My local thrift store became overwhelmed with donations earlier this year, so much so that they had to close one extra day a week just to process and catch up. Netflix was streaming Tidying Up with Marie Kondo and apparently we were all following the KonMari Method™ of clearing out clutter, though Kondo's folding techniques do seem not worth the effort.
But the Swedes got there first with their concept of döstädning, the process of slowly decluttering so that your death isn't a burden for those you leave behind.
As a three-time winner of "being left behind" with a messy estate to clean up, I've become a huge advocate of Swedish death cleaning. Last week I touched on how I found a way to deal with throwing away my father's big dream — an expensive invention with no market — and finding salvation through the Salvation Army.
We're a few weeks away from antique season in the country, when tents pop up along the antiques corridor and there's no shortage of rusted, upcycled, vintage and estate objects ready for the pickin'. Everybody dreams of living and working in Round Top, but the rustic little town wasn't always such a commercial hotspot.
Decades ago our mom had an antique store there; her husband served as mayor earning $1 a year and it was a quiet life interrupted by the twice a year Antiques Week. During the offseason, it wouldn't be uncommon for her daily sales to total 75 cents but, that was OK, as this was her dream and she was living it. In the down time she would paint furniture — there was that whole Pepto-Bismol pink stage — and paint portraits.
She eventually moved back to Houston and, when she died six years ago, there was still a sizable inventory left over from her venture. I photographed the largest objects and categorized by type — armoires, side tables, sofas, rugs, silver, china — and took that catalogue to MAI Memorial Antiques & Interiors. No interest.
Then I went to a local consignment shop to see if there was a want/need. Nope, strike two. Intellectually I knew that I could derive some value from the ephemera by shopping it on eBay, or finding niche markets, but all of that would take a lot of time for not much reward and I would have then realized every woman's biggest fear: I would finally have turned into my mother.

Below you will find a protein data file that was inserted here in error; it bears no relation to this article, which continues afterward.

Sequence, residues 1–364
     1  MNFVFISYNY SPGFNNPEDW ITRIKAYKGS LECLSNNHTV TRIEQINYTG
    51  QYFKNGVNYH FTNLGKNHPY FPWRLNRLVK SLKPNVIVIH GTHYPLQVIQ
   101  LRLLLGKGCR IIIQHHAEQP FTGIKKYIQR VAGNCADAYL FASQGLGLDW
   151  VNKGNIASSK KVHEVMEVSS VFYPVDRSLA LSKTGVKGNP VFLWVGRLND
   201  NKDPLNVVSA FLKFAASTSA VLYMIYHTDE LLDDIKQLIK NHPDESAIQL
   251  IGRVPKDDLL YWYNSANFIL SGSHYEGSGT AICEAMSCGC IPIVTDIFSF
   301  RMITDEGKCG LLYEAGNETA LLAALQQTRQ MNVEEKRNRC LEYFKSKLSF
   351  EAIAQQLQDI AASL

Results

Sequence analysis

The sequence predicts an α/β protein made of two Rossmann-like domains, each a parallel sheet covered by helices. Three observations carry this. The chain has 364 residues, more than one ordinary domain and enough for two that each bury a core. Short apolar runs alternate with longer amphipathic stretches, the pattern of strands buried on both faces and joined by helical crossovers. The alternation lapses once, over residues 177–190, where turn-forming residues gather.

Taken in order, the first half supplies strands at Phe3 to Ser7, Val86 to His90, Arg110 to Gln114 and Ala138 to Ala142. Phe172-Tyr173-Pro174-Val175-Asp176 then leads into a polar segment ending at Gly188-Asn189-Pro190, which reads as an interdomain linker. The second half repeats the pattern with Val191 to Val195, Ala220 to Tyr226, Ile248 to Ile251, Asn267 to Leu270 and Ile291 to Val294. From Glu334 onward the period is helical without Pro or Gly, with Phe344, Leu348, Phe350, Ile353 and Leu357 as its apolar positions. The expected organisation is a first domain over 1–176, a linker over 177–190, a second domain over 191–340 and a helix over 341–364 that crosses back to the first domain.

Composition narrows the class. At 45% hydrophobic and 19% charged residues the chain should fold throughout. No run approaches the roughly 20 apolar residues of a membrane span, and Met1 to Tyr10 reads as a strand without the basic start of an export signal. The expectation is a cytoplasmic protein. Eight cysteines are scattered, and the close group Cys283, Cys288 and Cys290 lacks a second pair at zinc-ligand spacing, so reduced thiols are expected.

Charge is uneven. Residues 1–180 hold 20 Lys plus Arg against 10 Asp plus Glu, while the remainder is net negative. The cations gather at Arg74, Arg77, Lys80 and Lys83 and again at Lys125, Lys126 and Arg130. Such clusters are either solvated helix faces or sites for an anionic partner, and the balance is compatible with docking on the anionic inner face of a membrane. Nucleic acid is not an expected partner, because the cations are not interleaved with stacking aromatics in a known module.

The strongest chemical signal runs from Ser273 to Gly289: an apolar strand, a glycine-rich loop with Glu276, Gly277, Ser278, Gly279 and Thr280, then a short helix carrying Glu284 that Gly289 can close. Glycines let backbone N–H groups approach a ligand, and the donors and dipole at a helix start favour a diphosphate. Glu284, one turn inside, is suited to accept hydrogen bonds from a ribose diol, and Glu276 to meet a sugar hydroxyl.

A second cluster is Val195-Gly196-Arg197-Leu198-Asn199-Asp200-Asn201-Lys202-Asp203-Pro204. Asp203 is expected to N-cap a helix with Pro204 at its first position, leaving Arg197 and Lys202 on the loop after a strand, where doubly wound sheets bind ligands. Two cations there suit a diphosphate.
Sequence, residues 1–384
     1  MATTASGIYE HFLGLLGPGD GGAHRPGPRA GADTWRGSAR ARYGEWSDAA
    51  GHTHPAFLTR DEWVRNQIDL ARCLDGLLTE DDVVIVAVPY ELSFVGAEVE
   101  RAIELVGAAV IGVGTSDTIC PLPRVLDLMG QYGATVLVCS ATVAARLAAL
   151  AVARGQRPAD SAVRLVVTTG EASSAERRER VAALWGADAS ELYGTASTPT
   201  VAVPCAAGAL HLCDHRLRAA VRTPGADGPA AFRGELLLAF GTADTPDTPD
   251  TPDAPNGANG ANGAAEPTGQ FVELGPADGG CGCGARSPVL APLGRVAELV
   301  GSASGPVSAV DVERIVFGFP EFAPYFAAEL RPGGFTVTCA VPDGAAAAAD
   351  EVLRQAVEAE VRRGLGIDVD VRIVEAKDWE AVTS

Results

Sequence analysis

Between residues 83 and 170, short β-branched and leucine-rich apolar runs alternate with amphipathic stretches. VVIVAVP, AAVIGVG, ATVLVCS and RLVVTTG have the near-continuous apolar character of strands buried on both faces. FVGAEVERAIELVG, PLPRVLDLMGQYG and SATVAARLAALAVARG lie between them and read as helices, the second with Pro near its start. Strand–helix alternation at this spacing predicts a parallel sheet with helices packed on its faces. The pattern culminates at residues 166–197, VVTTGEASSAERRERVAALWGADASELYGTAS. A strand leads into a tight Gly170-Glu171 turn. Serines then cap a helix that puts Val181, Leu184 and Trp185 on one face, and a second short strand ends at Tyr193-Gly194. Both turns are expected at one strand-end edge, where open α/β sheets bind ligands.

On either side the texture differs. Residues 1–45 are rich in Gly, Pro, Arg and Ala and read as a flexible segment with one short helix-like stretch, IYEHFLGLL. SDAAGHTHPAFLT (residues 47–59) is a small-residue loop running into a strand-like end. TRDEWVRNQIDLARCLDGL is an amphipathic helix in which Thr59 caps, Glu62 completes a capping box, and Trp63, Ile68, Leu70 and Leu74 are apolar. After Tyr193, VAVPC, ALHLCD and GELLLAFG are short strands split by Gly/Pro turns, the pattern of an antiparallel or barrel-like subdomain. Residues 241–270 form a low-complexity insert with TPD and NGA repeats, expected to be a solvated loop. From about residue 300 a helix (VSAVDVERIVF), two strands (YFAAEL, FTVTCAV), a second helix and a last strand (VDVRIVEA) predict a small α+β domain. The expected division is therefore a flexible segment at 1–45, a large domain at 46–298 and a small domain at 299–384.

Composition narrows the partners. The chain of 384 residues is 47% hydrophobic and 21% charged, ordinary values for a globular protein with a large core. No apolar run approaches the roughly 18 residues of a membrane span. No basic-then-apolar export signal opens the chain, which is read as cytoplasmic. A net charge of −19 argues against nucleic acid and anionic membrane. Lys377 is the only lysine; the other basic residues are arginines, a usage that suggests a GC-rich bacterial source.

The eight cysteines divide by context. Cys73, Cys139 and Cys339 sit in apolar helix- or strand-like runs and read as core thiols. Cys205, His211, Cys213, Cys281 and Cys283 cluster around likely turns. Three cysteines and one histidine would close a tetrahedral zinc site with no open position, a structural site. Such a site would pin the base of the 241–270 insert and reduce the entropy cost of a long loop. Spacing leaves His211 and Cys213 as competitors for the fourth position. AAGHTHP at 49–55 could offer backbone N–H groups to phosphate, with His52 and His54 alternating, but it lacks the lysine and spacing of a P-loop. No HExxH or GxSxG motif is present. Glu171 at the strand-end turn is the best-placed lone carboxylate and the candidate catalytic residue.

So the largest objects and furnishings went to Goodwill, and that's how our family contributed to that great mythology: people who have struck paydirt shopping at a thrift store. News stories abound about that 1959 LaCoultre watch valued at $35,000, the Ilya Bolotowsky painting that sold at auction for $34,375, or wads of cash tucked into a coat pocket.
It's only recently that I found the 1978 appraisal for some of those Oriental rugs: One Shirvan rug, $6,000; one Kandahar rug, $800; and one Sarouk rug (faded), $900. I just hope that whoever found these treasures was able to understand their significance and worth.
The more fragile boxes of silver, china and glassware I've been able to offload by donating them to small antique dealers in the country. My favorite story is walking into a small shop with a box of stuff. My inside voice was saying, "Please take this, please take this." The dealer examined each object, carefully wrapped in decades-old newspaper, and eventually looked up to say, "How much do you want for this?"
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Mom also was an outsider artist, painting fantastical portraits that, individually, were "interesting." Though displayed as a group of 50 in her hallway, caused all of us to apologize when our friends came over. We named the area "The Hall of Horrors."
It was always her dream to have an art show and I made good on that promise by mounting an informal exhibition at her funeral and then donating those paintings to the Unitarian Church as a gift. The Hall of Horrors lives on, courtesy of Pinterest.
Next week, scripts in search of a stage.